Jeremy Clarkson and a Top Gear film crew have left a province in Argentina under accusations their licence plate referred to the Falklands War.
Clarkson and his team were escorted to the airport in Tierra del Fuego in the very south of the country and decided to leave, according to the secretary of social development in Ushuaia in the south of province, Juan Manuel Romano.
Top Gear was filming a Porsche, Lotus and Mustang in Argentina but locals suspected the Porsche's registration H982 FKL alluded to the 1982 conflict over the Falkland Islands - which remains a hot topic and a strain on the relations between the two countries.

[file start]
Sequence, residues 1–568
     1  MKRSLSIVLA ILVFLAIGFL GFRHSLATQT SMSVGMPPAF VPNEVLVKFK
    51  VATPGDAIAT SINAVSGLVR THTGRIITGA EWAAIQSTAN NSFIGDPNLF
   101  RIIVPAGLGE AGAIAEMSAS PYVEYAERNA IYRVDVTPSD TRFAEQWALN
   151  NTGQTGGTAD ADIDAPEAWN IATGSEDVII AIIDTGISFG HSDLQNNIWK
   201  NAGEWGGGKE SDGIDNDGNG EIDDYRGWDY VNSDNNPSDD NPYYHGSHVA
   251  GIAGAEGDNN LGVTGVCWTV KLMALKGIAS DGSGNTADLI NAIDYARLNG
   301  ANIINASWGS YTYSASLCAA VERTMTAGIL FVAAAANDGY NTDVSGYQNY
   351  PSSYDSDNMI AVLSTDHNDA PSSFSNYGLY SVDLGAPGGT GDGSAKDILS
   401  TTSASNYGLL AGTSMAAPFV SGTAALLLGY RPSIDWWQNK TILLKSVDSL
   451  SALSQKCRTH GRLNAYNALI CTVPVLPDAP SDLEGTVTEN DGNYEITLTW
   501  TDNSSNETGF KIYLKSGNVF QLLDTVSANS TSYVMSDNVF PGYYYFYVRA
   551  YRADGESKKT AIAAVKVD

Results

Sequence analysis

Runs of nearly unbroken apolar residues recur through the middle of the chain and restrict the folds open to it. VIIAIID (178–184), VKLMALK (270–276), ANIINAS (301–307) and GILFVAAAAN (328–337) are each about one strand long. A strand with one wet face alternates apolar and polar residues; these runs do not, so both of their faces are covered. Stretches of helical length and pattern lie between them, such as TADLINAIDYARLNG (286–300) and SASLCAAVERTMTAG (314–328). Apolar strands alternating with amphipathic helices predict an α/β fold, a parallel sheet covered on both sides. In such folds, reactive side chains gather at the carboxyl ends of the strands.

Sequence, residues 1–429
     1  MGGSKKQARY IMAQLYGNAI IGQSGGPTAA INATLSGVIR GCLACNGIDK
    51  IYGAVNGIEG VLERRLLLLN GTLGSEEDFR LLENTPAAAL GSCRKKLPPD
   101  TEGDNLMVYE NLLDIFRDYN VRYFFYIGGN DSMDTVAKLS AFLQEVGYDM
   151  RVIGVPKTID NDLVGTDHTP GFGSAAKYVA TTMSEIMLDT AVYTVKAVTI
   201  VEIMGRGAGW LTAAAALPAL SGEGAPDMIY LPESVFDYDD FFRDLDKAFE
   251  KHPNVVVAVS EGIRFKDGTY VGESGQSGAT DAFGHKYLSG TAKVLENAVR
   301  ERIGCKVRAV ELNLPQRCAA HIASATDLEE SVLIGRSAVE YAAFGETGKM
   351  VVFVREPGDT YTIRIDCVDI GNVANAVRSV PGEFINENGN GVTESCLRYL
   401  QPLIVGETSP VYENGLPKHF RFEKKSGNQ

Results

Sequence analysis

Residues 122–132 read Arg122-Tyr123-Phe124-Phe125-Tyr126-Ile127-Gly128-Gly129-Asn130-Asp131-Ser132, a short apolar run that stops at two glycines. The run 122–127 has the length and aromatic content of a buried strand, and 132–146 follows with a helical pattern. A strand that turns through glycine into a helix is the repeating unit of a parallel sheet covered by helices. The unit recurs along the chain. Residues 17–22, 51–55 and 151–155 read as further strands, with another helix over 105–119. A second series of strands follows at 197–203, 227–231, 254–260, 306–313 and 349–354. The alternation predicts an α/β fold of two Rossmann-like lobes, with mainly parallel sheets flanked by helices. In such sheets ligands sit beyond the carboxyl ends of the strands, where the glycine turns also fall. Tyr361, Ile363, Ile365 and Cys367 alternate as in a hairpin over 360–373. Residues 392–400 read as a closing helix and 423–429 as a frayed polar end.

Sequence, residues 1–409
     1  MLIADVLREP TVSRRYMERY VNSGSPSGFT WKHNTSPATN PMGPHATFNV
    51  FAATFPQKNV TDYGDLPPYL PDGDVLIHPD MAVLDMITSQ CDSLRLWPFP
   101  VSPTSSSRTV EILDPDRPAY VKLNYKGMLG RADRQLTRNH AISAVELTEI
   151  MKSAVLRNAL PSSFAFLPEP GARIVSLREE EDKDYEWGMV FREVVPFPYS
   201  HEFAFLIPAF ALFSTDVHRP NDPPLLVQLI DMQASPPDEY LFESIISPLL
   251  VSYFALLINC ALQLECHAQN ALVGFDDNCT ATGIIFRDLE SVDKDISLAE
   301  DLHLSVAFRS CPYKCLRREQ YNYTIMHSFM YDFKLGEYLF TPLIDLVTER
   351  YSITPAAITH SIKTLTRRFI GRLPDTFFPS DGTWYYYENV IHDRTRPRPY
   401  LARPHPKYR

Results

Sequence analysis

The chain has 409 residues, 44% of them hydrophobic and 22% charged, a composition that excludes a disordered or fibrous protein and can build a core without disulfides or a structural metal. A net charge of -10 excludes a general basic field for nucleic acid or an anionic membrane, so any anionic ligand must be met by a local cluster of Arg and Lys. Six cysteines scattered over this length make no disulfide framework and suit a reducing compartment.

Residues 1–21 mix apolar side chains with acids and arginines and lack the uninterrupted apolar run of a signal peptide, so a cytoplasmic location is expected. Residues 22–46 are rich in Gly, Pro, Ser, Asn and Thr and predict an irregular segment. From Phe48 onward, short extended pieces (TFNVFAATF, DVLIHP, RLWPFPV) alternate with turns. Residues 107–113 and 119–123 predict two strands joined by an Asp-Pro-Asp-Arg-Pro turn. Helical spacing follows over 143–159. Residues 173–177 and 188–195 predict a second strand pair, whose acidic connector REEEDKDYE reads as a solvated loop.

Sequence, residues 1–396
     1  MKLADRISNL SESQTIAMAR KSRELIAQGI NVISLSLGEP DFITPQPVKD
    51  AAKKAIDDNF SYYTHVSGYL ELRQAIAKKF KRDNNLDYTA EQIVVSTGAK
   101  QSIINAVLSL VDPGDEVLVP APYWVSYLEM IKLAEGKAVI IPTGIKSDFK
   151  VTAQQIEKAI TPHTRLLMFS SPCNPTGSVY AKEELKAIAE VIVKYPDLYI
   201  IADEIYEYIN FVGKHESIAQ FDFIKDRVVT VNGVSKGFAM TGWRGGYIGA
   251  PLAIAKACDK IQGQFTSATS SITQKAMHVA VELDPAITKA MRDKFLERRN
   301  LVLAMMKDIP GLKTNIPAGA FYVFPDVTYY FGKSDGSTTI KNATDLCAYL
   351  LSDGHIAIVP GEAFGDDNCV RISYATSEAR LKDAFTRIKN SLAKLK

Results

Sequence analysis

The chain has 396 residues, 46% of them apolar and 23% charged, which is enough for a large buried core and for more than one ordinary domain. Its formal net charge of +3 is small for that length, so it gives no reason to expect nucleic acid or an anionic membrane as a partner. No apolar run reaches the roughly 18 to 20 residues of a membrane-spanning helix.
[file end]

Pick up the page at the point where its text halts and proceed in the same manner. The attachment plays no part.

Former Argentine soldiers who were involved in the war held a protect about the number plate outside the crew's hotel, but the BBC says the registration was not chosen on purpose and was just a coincidence.
Top Gear has caused plenty of controversy in the past. The BBC had to say sorry to the people of Mexico in 2011 after they were branded oafish and lazy on the show and a viewer complained about a racially offensive remark during an episode set in Burma that was shown this year. The show was found to have breached Ofcom broadcasting rules.
Clarkson himself apologised after it seemed he had used a racially offensive term in footage that wasn't screened during the show. He denied saying the word.
Copyright Press Association 2014